Edited by the justice's son and one of his law clerks, this definitive collection of the late Supreme Court Justice Antonin Scalia's finest speeches covers topics as varied as the law, faith, virtue, pastimes, and his heroes and friends.
Christopher J. Scalia and Edward Whelan have given us a treasure that captures Justice Antonin Scalia’s brilliance, wit, faith, humility and wide range of knowledge. When I read this collection of his speeches, edited by the justice’s son and one of his law clerks, I feel like Scalia is in the room with me...anyone who wants to understand Scalia as a person and as a judicial philosopher should start by reading this book ... Because the book is a collection of speeches, many of which were given to lay people, it is very readable, understandable and fun for most age groups ... Scalia speaks in his own words in this magnificent volume that should be on the bookshelf of every educated American.
Reading Scalia Speaks — the marvelous collection of his speeches, lovingly compiled by his son and a former law clerk — brought Nino back to life for me. His words, even when read, are provocations to argue, disagree and think. They cannot be read passively. They cry out for dialogue. They demand answers — or surrender ... Liberal constitutional lawyers will continue to debate Justice Scalia many years after his death, because when it comes to jurisprudence, he was the most transformative jurist of our generation. His views cannot be ignored. That is his enduring legacy. But he was more than an influential justice. He was a great man, who lived life to the fullest ... Scalia Speaks gives us a glimpse of the man, as I came to know and respect him, despite — no, because of — our arguments.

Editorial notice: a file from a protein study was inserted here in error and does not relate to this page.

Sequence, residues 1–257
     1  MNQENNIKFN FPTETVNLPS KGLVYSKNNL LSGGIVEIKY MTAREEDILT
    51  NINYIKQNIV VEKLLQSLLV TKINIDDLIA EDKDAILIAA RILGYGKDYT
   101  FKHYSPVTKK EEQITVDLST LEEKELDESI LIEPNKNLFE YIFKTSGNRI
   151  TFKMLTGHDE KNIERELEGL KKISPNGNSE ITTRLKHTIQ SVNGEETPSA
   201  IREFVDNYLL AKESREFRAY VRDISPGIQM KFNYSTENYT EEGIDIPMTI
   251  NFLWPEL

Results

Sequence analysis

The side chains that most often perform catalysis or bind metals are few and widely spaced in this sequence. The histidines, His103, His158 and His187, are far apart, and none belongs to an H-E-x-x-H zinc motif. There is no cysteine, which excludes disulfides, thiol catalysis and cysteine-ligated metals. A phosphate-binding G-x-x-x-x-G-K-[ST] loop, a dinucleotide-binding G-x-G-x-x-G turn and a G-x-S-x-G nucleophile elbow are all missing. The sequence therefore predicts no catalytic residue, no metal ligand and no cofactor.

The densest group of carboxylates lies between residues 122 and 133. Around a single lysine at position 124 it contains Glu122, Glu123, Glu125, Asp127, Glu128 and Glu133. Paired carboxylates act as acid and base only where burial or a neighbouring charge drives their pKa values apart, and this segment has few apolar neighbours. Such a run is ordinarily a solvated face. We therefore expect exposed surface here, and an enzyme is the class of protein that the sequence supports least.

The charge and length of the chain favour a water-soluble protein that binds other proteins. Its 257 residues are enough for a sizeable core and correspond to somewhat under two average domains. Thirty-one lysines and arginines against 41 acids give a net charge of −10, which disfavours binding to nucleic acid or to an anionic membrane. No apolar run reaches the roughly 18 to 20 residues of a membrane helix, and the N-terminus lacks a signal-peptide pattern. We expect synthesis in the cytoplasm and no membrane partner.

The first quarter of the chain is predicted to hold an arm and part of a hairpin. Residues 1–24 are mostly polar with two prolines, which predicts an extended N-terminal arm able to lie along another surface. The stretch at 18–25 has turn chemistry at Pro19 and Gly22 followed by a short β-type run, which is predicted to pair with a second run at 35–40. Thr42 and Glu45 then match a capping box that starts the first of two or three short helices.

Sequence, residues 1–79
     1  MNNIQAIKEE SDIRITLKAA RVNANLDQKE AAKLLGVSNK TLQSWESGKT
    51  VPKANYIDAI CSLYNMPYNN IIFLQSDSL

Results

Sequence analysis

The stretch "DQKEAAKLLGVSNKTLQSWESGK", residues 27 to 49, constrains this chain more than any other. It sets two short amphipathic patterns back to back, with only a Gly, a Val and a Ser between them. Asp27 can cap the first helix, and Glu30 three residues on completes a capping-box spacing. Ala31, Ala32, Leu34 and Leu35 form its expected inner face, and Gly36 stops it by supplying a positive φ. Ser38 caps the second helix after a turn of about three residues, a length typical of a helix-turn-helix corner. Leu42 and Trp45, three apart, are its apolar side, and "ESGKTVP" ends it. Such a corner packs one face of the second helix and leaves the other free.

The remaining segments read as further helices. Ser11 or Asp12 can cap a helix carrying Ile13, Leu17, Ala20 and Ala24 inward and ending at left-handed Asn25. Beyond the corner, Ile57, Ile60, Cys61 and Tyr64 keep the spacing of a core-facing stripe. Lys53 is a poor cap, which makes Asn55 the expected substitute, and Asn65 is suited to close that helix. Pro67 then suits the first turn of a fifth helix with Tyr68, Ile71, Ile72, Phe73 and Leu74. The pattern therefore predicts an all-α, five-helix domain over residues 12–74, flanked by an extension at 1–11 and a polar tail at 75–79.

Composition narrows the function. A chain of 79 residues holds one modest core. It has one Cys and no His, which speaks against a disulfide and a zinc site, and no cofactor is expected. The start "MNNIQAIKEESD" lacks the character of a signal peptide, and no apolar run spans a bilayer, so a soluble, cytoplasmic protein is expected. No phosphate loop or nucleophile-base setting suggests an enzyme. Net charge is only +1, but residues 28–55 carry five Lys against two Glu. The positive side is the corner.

Scalia’s brilliant writing and commitment to principle permeate Scalia Speaks ... The book supplies what Scalia’s judicial opinions could not: insight into the more fundamental set of principles that guided the man’s entire life. The speeches are divided into six sections, only one of which is devoted to the law. But it is the five other sections that are the most illuminating. Here we learn Scalia’s outlook on, among other things, character, friendship, education, sports, political philosophy and faith ... This marvelous book surely will be required reading for anyone seeking to understand the mind of this great jurist and conservative thinker. But I would go further and say that it should be required reading for anyone who wishes to understand the mind of a great American, a figure so important to our history that his passing influenced the presidential election held months later. If Scalia Speaks can be said to have one fundamental flaw—one shared with the man’s life—it is that it ends too soon.